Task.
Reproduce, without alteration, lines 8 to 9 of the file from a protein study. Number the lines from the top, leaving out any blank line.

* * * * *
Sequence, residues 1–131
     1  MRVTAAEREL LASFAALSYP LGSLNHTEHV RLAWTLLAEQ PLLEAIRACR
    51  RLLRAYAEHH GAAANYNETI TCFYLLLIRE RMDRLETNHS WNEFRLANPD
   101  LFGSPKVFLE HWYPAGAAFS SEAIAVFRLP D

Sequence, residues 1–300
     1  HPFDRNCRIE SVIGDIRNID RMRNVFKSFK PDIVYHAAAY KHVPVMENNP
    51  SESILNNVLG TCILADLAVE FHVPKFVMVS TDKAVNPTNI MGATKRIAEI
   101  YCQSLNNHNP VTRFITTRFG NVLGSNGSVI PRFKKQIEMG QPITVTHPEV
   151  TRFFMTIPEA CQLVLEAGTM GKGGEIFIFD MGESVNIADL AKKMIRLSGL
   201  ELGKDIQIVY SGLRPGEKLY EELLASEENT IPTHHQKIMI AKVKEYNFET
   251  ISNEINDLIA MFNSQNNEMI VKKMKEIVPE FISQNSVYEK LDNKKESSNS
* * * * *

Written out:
   101  YCQSLNNHNP VTRFITTRFG NVLGSNGSVI PRFKKQIEMG QPITVTHPEV
   151  TRFFMTIPEA CQLVLEAGTM GKGGEIFIFD MGESVNIADL AKKMIRLSGL